Fostering a More Racially Inclusive Rural America

Sociologist Emily Walton pinpoints a subtle way predominantly white rural communities often alienate people of color—and how they can foster a more inclusive culture.

Associate Professor of Sociology Emily Walton recalls chatting with a multiracial physician who told her that he'd made more friends in Colorado, where he spent one year during his residency, than he had in nearly a decade of living in rural New England. 

Similarly, a Native American man told Walton how he and his family feel more like "accepted guests" in the area than genuine members of the community. 

The interviews were part of a newly published study in Rural Sociology that Walton led in an effort to deconstruct the "chilly" culture people of color sometimes encounter in Northern New England

"These two examples reflect countless stories among the individuals I spoke with and represent a broader phenomenon I call 'misrecognition,'" Walton says. "Unlike prejudice—when one judges another based on their previous experience or ideas about their group's characteristics—misrecognition represents the failure to see the common humanity of another person. At an extreme, those who are misrecognized 'do not matter' in the community."

As rural America undergoes a demographic transition, with white populations declining and racial minorities increasingly relocating to small towns, Walton's research pinpoints a subtle way predominantly white communities often alienate people of color.

"The nonwhite people I interviewed don't talk much about acts of aggression or hate from white residents, but they do feel overlooked and ignored in public settings and at work," Walton says. "These subtle acts of nonattention are essential, yet little understood, components of racial exclusion that cement social boundaries between racial groups."

Deconstructing cues 

Walton first began to understand how white culture underlies racial inequality when she was studying mental health disparities among Asian and Latinx Americans in graduate school.

"I thought, as a white woman, I should take advantage of my privileged position to take a good, hard look at the ways in which defending white people's status at the top of the racial hierarchy keeps nonwhite people down," Walton recalls. "In situations where people of different races are ostensibly equal—like 'integrated' neighborhoods, schools, and workplaces—the processes through which we uphold racial boundaries are subtle and need deconstruction." 

When Walton relocated from Seattle to Lebanon, N.H., with her husband and two daughters in 2012, she observed firsthand how many people in the area described those who were not born in Northern New England as "from away." 

"When those 'from away' are not white, this introduces an extra layer of nonbelonging they must navigate," she says. "In my interviews, people of color described feeling misrecognized in that they were not seen and valued by the predominantly white community in the full, complex ways in which they understood themselves."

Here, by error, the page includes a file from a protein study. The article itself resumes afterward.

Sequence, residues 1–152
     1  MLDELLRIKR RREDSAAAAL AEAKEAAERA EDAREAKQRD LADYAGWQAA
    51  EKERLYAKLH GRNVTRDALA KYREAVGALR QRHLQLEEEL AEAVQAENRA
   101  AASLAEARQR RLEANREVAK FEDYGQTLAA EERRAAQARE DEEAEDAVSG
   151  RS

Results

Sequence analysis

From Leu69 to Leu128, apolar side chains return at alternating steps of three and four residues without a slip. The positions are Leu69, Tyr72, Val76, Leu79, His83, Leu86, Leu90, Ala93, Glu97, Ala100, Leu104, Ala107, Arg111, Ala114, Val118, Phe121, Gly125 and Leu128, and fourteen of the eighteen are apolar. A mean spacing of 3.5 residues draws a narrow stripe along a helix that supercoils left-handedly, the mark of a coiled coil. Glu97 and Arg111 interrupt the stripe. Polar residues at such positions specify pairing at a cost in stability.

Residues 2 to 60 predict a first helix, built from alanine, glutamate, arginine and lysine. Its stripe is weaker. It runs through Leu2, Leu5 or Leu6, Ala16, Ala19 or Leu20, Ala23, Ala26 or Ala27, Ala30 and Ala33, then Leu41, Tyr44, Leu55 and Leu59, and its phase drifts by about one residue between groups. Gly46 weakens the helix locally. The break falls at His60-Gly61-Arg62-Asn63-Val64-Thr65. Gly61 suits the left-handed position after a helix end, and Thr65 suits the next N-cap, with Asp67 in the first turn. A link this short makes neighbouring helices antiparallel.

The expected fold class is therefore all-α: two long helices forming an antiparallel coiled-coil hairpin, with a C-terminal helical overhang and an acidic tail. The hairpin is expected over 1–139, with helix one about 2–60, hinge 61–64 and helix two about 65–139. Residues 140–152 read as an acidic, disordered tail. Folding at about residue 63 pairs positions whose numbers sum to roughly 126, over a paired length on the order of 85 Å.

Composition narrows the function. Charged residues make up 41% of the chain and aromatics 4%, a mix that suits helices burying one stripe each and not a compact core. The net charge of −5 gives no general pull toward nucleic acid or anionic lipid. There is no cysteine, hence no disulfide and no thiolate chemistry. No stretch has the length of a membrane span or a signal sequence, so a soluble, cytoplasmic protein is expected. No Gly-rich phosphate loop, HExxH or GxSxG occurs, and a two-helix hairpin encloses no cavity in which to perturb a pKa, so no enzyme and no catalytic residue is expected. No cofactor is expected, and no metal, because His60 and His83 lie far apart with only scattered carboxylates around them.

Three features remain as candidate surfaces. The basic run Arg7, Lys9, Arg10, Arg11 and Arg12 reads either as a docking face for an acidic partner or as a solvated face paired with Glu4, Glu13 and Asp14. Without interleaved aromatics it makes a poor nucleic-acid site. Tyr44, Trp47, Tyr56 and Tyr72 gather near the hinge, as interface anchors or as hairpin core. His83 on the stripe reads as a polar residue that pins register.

Walton says that this sense of alienation led many interviewees to feel like they were "surviving, not thriving" and to seek job opportunities that would take them out of the Upper Valley. 

"It is unfortunate that the environmental, academic, and employment riches in the Upper Valley are not equally available to people with different racial identities," she adds. 

As a white woman, Walton believes she is socialized to be blind to the ways in which her own comfort in the community relies on the exclusion of others who, as one interviewee said, "aren't part of the 'New England Dream.'"

"I was often surprised when people shared experiences where they were shouted at in restaurants, called names, pulled over by police multiple times a year, and other such overt racist acts," Walton says. "However, my interviewees were very willing to be vulnerable by sharing often difficult stories. They hoped that by sharing their stories, they would help other people of color understand that they were not alone in their feelings."

Over the last few years of data collection, 12 Dartmouth students helped to conduct interviews for the study. "Working with these students has been invaluable for both eliciting stories and developing an analytic narrative that remains true to the respondents' intentions," Walton says. 

Rewriting how we define our communities

"The idea of misrecognition describes the common feelings my interviewees expressed of feeling unseen, invalidated, and unworthy in their social interactions in the community," Walton says.  

Ultimately, she hopes that her research will help inspire new "symbolic interventions" that broaden the definition of who belongs. 

"My hope is that we can actually change the 'chilly' culture to be more inclusive by rewriting the script through which we define ourselves as a community," Walton says. "We can broaden the definition of 'us' to include those who may currently be seen as 'them.'" 


Screen shot from Humans of the Upper Valley
A screenshot from Humans of the Upper Valley, which Professor Emily Walton created with Dartmouth students

Walton's Humans of the Upper Valley, which she launched with Dartmouth students in 2021, attempts to do just that. Inspired by the popular Humans of New York, the project offers snapshots of the life stories of local residents from all walks of life. 

As Walton said on a local arts and culture blog, "The point is to create a kind of intimacy with strangers. If we can learn about and relate to others' motivations, their fears, their dreams, maybe we can nurture empathy and understanding." 

"By broadly sharing the intimate life stories of different kinds of residents," she says, "I hope that people will find this is a low-barrier, nonthreatening way to connect with and understand each other's humanity."